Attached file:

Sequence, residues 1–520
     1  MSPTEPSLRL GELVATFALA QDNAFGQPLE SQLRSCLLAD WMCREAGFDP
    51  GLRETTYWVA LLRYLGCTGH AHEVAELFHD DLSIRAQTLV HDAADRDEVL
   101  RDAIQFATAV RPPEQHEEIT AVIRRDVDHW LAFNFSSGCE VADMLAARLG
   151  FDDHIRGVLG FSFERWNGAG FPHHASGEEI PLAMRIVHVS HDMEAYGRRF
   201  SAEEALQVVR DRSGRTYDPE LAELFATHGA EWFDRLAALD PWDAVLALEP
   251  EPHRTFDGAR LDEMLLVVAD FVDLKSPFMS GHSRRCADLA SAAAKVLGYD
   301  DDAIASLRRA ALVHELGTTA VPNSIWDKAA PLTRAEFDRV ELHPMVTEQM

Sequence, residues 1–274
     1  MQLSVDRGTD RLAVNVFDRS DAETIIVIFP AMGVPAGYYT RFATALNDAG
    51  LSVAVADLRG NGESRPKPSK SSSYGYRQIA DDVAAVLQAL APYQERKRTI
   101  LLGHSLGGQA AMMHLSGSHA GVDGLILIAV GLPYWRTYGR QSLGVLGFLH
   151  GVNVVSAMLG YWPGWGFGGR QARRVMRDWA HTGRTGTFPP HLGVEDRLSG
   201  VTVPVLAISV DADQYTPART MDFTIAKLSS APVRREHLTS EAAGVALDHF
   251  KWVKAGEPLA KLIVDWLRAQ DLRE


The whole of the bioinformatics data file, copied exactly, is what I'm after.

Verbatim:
Sequence, residues 1–520
     1  MSPTEPSLRL GELVATFALA QDNAFGQPLE SQLRSCLLAD WMCREAGFDP
    51  GLRETTYWVA LLRYLGCTGH AHEVAELFHD DLSIRAQTLV HDAADRDEVL
   101  RDAIQFATAV RPPEQHEEIT AVIRRDVDHW LAFNFSSGCE VADMLAARLG
   151  FDDHIRGVLG FSFERWNGAG FPHHASGEEI PLAMRIVHVS HDMEAYGRRF
   201  SAEEALQVVR DRSGRTYDPE LAELFATHGA EWFDRLAALD PWDAVLALEP
   251  EPHRTFDGAR LDEMLLVVAD FVDLKSPFMS GHSRRCADLA SAAAKVLGYD
   301  DDAIASLRRA ALVHELGTTA VPNSIWDKAA PLTRAEFDRV ELHPMVTEQM

Sequence, residues 1–274
     1  MQLSVDRGTD RLAVNVFDRS DAETIIVIFP AMGVPAGYYT RFATALNDAG
    51  LSVAVADLRG NGESRPKPSK SSSYGYRQIA DDVAAVLQAL APYQERKRTI
   101  LLGHSLGGQA AMMHLSGSHA GVDGLILIAV GLPYWRTYGR QSLGVLGFLH
   151  GVNVVSAMLG YWPGWGFGGR QARRVMRDWA HTGRTGTFPP HLGVEDRLSG
   201  VTVPVLAISV DADQYTPART MDFTIAKLSS APVRREHLTS EAAGVALDHF
   251  KWVKAGEPLA KLIVDWLRAQ DLRE